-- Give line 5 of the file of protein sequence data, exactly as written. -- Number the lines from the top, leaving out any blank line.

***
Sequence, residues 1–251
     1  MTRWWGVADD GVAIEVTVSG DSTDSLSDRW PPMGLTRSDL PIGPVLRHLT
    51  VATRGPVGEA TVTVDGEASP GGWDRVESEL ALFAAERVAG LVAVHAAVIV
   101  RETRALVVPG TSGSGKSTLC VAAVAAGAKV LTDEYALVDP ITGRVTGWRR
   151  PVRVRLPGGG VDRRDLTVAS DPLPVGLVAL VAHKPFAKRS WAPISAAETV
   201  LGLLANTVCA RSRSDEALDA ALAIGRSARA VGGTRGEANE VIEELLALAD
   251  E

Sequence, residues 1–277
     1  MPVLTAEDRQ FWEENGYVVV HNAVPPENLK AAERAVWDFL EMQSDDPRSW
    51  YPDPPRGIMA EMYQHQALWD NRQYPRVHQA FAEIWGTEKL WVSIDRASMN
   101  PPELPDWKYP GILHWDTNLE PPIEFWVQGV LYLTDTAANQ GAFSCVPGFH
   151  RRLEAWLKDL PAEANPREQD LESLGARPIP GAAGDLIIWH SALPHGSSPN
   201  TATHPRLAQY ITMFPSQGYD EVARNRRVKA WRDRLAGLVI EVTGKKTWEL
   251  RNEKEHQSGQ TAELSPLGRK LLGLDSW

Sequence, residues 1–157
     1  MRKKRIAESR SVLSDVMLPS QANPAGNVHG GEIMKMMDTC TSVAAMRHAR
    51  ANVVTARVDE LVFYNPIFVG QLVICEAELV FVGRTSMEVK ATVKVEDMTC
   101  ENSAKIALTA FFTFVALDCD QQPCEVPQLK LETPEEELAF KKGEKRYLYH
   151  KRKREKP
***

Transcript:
   151  PVRVRLPGGG VDRRDLTVAS DPLPVGLVAL VAHKPFAKRS WAPISAAETV